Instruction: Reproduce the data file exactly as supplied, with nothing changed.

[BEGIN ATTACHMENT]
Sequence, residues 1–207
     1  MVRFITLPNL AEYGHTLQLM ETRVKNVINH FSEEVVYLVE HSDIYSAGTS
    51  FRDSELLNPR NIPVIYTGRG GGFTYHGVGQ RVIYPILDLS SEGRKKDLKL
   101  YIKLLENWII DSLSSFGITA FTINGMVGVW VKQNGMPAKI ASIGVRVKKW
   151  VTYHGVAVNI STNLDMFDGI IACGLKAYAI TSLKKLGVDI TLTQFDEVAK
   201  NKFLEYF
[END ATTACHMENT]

Sequence, residues 1–207
     1  MVRFITLPNL AEYGHTLQLM ETRVKNVINH FSEEVVYLVE HSDIYSAGTS
    51  FRDSELLNPR NIPVIYTGRG GGFTYHGVGQ RVIYPILDLS SEGRKKDLKL
   101  YIKLLENWII DSLSSFGITA FTINGMVGVW VKQNGMPAKI ASIGVRVKKW
   151  VTYHGVAVNI STNLDMFDGI IACGLKAYAI TSLKKLGVDI TLTQFDEVAK
   201  NKFLEYF